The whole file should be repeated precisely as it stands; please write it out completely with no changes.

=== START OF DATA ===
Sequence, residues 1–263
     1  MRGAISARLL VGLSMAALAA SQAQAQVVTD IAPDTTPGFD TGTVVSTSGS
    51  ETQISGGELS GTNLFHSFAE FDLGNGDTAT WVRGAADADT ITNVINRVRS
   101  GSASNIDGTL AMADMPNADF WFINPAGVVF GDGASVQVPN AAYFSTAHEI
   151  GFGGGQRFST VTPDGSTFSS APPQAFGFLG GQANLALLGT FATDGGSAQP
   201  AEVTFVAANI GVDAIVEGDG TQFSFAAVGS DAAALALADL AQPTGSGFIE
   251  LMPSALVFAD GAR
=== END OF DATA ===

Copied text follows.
Sequence, residues 1–263
     1  MRGAISARLL VGLSMAALAA SQAQAQVVTD IAPDTTPGFD TGTVVSTSGS
    51  ETQISGGELS GTNLFHSFAE FDLGNGDTAT WVRGAADADT ITNVINRVRS
   101  GSASNIDGTL AMADMPNADF WFINPAGVVF GDGASVQVPN AAYFSTAHEI
   151  GFGGGQRFST VTPDGSTFSS APPQAFGFLG GQANLALLGT FATDGGSAQP
   201  AEVTFVAANI GVDAIVEGDG TQFSFAAVGS DAAALALADL AQPTGSGFIE
   251  LMPSALVFAD GAR